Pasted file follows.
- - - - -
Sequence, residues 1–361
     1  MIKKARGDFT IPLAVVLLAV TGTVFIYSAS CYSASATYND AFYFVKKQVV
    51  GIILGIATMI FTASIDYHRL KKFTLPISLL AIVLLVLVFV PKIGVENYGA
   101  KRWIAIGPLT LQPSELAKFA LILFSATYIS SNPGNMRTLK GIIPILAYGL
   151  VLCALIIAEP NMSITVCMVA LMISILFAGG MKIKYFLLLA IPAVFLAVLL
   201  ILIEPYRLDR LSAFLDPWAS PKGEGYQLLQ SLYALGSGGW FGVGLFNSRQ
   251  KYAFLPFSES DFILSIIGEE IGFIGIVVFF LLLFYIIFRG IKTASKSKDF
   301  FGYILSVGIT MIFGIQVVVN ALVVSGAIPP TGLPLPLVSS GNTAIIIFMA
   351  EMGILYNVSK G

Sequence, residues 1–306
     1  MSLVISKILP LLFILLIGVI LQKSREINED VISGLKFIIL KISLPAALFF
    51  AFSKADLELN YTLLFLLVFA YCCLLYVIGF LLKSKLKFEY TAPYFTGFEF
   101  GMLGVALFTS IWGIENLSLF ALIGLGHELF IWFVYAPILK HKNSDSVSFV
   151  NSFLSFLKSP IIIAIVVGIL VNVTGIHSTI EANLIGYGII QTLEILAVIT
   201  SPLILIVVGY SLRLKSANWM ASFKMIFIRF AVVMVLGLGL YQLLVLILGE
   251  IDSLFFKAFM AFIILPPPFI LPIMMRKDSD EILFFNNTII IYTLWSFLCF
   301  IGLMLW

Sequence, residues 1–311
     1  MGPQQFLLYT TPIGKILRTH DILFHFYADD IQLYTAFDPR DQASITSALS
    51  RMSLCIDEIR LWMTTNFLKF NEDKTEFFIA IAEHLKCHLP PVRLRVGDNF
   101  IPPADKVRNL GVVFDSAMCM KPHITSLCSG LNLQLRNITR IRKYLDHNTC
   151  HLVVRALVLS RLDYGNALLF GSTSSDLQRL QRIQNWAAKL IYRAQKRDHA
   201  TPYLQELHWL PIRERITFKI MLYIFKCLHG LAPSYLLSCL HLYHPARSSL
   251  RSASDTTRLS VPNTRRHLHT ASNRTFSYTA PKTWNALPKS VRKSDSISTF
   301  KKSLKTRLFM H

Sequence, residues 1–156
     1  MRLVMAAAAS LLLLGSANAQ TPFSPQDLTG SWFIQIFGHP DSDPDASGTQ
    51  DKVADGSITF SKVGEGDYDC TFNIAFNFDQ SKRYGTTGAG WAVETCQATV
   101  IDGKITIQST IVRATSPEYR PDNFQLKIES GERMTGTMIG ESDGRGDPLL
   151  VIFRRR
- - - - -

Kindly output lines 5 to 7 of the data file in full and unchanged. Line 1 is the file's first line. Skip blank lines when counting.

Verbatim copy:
   151  VLCALIIAEP NMSITVCMVA LMISILFAGG MKIKYFLLLA IPAVFLAVLL
   201  ILIEPYRLDR LSAFLDPWAS PKGEGYQLLQ SLYALGSGGW FGVGLFNSRQ
   251  KYAFLPFSES DFILSIIGEE IGFIGIVVFF LLLFYIIFRG IKTASKSKDF